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The 17th of March 2020 saw a universal display of welcome and solidarity at a time when the world needed it the most and it truly was a beautiful way to bring Ireland closer to home for all of us who live far from the Emerald Isle.

From the towering heights of the Burj Khalifa in Dubai, to the ancient majesty of Rome’s Colosseum, and the natural beauty of the Niagara Falls - the four corners of the Earth came together to shine a green light on both local and Irish culture. The Wonders of the World even got involved with the Pyramids of Giza in Egypt, the Christ the Redeemer Statue in Rio de Janeiro, and the Great Wall of China all rocking a glowing St. Patrick’s Day makeover.


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The CEO of Tourism Ireland summed it up quite beautifully, with: “The eagerness of cities and countries everywhere to take part underlines the strength of the deep connection that people all over the world feel to Ireland. More than 70 million people around the world claim links to the island of Ireland and St Patrick’s Day is a truly unique opportunity to reconnect them with their heritage.”

One of the greatest parts about this particular St. Patrick’s Day tradition, is that the pandemic can’t ruin it. With that in mind, I’m very much looking forward to having a scroll through #GlobalGreening come the 18th to see what magnificent structures became a beacon for Ireland and all of its brothers and sisters across the world.

What’s the best St. Patrick’s Day tradition you’ve ever encountered? Or which would you most like to experience? Let me know in the comments below!


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  • I love my Irish heritage. I live in Cincinnati Ohio and we usually have a big parade where all the city gets together to celebrate. As it is said , Every body is Irish on St. Patrick’s Day. My dads grand parents and my moms way! Grandparents all came over from Ireland 🇮🇪 to America . I didn’t realize some of the places that celebrate and the way they celebrate for days. Your article was great.🍀☘️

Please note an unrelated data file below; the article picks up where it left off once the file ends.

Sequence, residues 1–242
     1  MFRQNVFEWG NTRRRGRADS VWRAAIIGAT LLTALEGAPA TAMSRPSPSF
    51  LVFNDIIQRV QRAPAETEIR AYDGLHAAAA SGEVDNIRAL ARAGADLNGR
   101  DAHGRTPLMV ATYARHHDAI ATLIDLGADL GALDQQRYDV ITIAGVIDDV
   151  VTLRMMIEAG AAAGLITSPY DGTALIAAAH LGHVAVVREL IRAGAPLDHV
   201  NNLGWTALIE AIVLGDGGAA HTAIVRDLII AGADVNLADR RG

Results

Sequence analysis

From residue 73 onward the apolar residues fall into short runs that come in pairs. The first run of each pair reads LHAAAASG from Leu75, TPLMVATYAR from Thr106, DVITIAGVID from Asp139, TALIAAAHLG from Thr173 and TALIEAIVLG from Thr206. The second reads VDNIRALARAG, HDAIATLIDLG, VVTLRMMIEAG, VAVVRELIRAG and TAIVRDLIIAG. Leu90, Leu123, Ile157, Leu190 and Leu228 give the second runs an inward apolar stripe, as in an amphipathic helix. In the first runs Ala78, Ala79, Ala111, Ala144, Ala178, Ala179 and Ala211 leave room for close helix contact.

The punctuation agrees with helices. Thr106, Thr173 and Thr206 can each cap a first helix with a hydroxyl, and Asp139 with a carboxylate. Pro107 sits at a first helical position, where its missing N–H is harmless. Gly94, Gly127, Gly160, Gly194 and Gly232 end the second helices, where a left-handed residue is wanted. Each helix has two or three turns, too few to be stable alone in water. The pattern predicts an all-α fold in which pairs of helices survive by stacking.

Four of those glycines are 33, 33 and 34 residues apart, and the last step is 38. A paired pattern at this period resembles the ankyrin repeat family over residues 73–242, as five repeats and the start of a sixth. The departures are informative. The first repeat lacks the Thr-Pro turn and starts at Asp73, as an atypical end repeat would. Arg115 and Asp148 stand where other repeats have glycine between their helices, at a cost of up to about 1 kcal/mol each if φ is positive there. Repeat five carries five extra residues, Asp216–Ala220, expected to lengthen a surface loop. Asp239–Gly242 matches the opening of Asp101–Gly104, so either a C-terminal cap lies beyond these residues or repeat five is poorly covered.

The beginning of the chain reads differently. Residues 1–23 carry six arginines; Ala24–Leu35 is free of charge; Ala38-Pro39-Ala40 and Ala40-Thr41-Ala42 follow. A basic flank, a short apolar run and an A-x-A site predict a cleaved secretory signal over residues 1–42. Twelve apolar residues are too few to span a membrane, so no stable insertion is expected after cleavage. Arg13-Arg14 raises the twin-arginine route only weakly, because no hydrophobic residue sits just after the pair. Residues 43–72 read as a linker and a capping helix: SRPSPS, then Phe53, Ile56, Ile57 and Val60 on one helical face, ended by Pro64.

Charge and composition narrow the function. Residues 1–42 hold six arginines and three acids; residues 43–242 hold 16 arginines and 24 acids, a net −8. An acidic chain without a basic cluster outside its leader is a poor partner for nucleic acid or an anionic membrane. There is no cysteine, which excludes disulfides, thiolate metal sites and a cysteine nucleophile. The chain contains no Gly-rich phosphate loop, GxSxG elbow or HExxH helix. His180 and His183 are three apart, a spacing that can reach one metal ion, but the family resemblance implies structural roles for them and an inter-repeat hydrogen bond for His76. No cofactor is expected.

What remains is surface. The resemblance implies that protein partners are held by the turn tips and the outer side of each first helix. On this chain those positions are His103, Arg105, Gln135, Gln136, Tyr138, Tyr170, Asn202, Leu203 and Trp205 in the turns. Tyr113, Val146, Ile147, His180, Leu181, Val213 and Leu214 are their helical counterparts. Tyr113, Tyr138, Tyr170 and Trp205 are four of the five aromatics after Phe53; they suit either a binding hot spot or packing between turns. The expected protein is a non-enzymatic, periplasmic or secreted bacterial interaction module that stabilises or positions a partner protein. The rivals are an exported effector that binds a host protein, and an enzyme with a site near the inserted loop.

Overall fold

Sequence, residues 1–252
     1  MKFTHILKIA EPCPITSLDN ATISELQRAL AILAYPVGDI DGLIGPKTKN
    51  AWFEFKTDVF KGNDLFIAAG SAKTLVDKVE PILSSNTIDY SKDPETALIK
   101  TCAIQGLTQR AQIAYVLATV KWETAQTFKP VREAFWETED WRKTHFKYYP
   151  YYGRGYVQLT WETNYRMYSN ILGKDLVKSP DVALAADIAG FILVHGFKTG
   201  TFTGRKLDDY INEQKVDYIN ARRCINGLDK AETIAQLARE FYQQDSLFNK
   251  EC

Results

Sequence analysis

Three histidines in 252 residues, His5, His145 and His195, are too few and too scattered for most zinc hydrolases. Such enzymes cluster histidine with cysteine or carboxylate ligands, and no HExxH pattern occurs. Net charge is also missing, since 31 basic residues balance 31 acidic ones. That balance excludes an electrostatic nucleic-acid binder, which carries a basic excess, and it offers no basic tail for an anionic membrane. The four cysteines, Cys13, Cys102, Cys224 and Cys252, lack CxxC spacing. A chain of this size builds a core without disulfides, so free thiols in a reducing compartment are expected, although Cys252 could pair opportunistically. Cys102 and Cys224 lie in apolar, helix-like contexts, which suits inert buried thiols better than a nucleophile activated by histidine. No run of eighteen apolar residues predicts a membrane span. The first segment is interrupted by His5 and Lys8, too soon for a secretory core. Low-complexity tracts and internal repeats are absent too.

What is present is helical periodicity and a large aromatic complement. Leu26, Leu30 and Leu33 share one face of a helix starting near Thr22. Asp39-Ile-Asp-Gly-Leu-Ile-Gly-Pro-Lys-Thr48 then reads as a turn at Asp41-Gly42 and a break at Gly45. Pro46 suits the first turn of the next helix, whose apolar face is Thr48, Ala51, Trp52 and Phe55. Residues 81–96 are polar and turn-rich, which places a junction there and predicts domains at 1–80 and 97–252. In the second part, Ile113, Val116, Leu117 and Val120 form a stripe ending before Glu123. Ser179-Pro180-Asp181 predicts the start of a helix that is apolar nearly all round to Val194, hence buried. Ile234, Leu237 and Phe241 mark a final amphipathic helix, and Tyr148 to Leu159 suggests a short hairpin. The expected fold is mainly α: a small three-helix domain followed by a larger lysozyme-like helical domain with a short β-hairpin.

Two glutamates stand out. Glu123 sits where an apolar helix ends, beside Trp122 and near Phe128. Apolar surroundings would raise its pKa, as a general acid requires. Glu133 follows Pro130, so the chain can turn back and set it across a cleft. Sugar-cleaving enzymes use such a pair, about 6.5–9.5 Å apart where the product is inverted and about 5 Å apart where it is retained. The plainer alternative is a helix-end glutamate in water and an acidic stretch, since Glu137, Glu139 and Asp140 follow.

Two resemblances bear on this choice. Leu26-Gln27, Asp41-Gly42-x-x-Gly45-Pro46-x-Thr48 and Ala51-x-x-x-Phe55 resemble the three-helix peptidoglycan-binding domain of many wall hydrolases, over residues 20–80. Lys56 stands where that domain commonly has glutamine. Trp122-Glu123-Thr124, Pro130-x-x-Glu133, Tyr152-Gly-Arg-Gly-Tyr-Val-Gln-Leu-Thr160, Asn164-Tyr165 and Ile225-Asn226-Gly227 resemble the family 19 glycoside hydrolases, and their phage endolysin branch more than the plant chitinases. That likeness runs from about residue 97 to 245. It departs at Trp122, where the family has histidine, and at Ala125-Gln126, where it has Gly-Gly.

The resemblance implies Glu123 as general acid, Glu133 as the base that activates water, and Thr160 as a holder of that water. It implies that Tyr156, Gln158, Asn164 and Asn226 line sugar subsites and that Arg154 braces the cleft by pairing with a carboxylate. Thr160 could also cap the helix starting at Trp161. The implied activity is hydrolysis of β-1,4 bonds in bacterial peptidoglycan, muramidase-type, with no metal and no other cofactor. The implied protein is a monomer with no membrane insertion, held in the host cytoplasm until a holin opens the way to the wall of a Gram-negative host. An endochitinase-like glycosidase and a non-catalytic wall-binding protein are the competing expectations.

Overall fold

• I would love to take a trip to Ireland, part of my Scotch Irish heritage and kiss the Blarney Stone❤️

    Linda Morris
  • I’ve Always loved St. Patrick’s day but after marrying an Irishman and taking on the Irish name, I felt drawn even more. We named our kids Erin, Megan, Sean and Patrick. Every year I would pull them out of school to go to our KC parade. Fond memories. I actually was able to go to Ireland 3 years ago. Trip of a lifetime.

    Deb Mahoney
  • I have been to Ireland twice – the home of my ancestors. But, Savannah’s is the only parade I have been able to see. Fun!

    Carolyn Kirby
  • Thanks Deirdre, that was all news to me, even though I was born in Ireland I had no Idea that it was so widely celebrated

    Margaret Cunnane